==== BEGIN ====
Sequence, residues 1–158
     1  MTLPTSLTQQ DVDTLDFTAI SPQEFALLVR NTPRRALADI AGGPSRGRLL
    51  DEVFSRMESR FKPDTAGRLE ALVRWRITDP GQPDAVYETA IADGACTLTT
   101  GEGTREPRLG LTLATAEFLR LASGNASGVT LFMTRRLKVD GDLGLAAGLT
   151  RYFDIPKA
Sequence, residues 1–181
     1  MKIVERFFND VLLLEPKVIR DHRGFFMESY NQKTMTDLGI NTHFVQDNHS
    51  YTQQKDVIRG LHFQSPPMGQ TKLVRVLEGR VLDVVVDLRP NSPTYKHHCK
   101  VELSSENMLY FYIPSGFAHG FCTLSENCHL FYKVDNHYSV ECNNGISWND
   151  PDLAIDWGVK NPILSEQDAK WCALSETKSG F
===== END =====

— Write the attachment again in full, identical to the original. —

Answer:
Sequence, residues 1–158
     1  MTLPTSLTQQ DVDTLDFTAI SPQEFALLVR NTPRRALADI AGGPSRGRLL
    51  DEVFSRMESR FKPDTAGRLE ALVRWRITDP GQPDAVYETA IADGACTLTT
   101  GEGTREPRLG LTLATAEFLR LASGNASGVT LFMTRRLKVD GDLGLAAGLT
   151  RYFDIPKA
Sequence, residues 1–181
     1  MKIVERFFND VLLLEPKVIR DHRGFFMESY NQKTMTDLGI NTHFVQDNHS
    51  YTQQKDVIRG LHFQSPPMGQ TKLVRVLEGR VLDVVVDLRP NSPTYKHHCK
   101  VELSSENMLY FYIPSGFAHG FCTLSENCHL FYKVDNHYSV ECNNGISWND
   151  PDLAIDWGVK NPILSEQDAK WCALSETKSG F